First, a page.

Your Second Amendment right to bear arms is a federal right under the U.S. Constitution. However, gun laws can be complex due to each state’s individual interpretation of these laws. Pennsylvania citizens have the right to own and purchase firearms when they meet specific requirements.

Pennsylvania also allows for concealed carry licenses, although there are some restrictions. However, if you are prohibited from owning a gun and are caught with one in your possession, you could face harsh criminal consequences.

Pennsylvania’s Gun Laws

According to 18 Pa.C.S. 6105, some individuals are prohibited from possessing or purchasing firearms in Pennsylvania. Generally, anyone convicted of a violent criminal offense, such as burglary, manslaughter, murder, rape, or robbery, may be prohibited from purchasing or possessing a firearm.

Those with drug convictions may also be prohibited from owning a gun. Additionally, individuals with three or more DUI convictions over five years are also restricted from firearm possession.

Other parties who may be prohibited from buying or possessing a firearm include:

  • Anyone who has been declared incompetent under the Mental Health Procedures Act
  • Anyone who is a fugitive from justice
  • Individuals who are not U.S. citizens
  • Anyone who has had a protection from abuse order taken out against them

Can You Carry a Gun in a Gun-Free Zone?

According to Pennsylvania Code § 6106, most state residents are required to have a license to carry concealed weapons. However, there some individuals don’t need a license, such as law enforcement officials, members of the United States military, and firearm safety professionals.

In gun-free zones, even someone who has a license to carry a concealed firearm may be prohibited from carrying a firearm within these areas. There are some areas where carrying concealed weapons in Pennsylvania is restricted, including:

  • Courthouses
  • Public schools
  • School buses
  • Security areas within an airport
  • Mental hospitals
  • Correctional facilities and detention centers
  • Any other area where firearms may be prohibited by local, state, or federal law

Anyone carrying a gun in any of the gun-free zones described above may face criminal charges for possessing a firearm in a restricted location.

What Are the Penalties for Violating Pennsylvania’s Gun Laws?

If you are found guilty of violating Pennsylvania’s firearm possession laws, you could face severe consequences. Some of the more common penalties include:

  • A maximum of one year in prison and fines as high as $2500 if you are convicted of a third-degree misdemeanor
  • A maximum of two years in prison and fines as high as $5000 if you are convicted of a second-degree misdemeanor
  • A maximum of five years in a state prison and fines up to $10,000 if you are convicted of a first-degree misdemeanor
  • A maximum of 10 years in a state prison and fines as high as $10,000 if you are convicted of a second-degree felony
  • A maximum of 20 years in state prison and fines up to $25,000 if you are convicted of a first-degree felony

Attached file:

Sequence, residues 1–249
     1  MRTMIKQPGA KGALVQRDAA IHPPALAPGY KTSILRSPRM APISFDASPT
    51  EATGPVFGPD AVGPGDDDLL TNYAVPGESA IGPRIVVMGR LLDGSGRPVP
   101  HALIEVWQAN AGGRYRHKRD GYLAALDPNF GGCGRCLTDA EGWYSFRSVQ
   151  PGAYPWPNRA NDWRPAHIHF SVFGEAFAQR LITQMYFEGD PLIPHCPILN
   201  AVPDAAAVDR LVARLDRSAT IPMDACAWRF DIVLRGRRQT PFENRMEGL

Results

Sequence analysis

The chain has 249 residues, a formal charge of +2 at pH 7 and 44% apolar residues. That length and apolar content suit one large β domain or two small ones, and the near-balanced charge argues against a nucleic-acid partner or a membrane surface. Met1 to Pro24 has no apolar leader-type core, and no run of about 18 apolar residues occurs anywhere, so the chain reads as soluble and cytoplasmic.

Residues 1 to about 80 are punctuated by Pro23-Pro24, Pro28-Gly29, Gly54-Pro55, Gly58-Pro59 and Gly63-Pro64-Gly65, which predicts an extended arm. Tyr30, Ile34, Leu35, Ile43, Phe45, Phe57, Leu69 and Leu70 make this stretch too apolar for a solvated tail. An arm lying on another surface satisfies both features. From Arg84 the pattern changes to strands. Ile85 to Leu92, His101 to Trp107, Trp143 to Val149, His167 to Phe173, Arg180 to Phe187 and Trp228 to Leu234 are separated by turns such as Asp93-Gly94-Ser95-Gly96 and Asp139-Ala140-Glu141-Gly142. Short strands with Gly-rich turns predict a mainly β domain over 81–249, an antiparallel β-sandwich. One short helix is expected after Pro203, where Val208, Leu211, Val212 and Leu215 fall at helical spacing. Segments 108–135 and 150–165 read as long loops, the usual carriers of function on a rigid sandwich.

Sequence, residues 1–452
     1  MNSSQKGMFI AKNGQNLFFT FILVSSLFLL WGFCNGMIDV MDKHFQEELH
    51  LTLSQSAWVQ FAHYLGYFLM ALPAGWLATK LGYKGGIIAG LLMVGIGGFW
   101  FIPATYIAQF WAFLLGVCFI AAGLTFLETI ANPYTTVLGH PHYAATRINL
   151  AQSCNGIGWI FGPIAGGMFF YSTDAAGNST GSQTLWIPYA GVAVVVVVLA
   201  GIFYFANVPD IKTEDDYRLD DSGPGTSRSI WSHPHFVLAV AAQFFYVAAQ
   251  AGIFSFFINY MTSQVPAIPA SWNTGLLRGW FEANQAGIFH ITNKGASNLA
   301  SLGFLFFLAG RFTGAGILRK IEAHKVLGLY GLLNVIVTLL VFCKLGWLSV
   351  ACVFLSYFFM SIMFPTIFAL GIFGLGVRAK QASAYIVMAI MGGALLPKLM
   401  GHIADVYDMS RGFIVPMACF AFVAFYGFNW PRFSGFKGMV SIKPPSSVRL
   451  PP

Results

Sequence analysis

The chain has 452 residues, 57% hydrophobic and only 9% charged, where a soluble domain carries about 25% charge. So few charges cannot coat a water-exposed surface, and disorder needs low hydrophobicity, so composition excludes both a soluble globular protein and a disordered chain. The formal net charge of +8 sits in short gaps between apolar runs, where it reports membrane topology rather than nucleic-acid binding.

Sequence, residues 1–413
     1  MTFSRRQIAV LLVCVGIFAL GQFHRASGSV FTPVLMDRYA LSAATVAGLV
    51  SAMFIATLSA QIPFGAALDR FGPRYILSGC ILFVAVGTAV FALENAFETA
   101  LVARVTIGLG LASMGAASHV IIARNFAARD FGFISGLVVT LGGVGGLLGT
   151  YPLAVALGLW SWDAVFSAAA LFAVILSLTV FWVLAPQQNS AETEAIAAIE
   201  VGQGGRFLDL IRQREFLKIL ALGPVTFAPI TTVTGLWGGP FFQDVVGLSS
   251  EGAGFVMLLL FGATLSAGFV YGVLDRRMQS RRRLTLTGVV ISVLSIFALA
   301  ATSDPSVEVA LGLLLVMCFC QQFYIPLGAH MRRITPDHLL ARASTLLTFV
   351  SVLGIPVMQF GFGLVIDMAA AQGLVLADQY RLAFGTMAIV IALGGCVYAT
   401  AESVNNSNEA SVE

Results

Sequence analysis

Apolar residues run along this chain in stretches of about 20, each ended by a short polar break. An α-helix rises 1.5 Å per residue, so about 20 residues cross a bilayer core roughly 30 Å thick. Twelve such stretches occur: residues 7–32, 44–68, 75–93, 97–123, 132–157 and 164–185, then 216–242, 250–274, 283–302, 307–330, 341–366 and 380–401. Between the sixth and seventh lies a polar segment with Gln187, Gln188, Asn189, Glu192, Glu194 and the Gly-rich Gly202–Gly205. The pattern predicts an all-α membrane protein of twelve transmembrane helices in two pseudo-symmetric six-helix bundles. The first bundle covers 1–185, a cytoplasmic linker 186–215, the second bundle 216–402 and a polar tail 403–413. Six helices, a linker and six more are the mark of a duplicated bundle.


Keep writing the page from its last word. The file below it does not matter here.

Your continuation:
Are there Defenses Against Gun Law Violations?

When you have been accused of unlawfully possessing a firearm, several potential defenses could be used to challenge the allegations against you. Some of these include:

  • The defendant did not have control over the firearm
  • The defendant did not have access to the firearm
  • The defendant was never convicted of a felony offense
  • The firearm was not the defendant’s
  • The defendant had no knowledge that the gun was in their possession
  • The defendant was not guilty of the felony they were accused of
  • The defendant is not currently on probation

If I’ve Been Denied a Gun License, Can I Get it Back?

Under federal law, firearm prohibition rights are not eligible for restoration. However, the Pennsylvania Supreme Court has ruled that if a person’s civil rights are restored, their firearm rights can also be restored. Some parties who may be eligible for the restoration of their firearm rights include:

  • People who have previously had restraining orders taken out against them
  • Individuals who were convicted of non-violent misdemeanors
  • Those who have been convicted of non-violent felonies

If you hope to restore your firearm rights, one of the best ways to do so is to get your judicial record expunged or apply for and receive a pardon from Pennsylvania’s governor. Your attorney can analyze your legal options to best approach the restoration of your gun rights.

Call a Chester County Gun Rights Lawyer Today

If you have been accused of unlawful possession of a firearm, or if you are hoping to restore your lost gun rights, you need an experienced Chester County gun rights attorney by your side.

Contact our team at Skinner Law Firm to get started on your case as soon as today. Schedule your confidential consultation at 610-436-1410 or through our quick contact form.

Article Author

Michael J. Skinner, the founder of Skinner Law Firm LLC, is a former prosecutor with the Chester County District Attorney’s Office.

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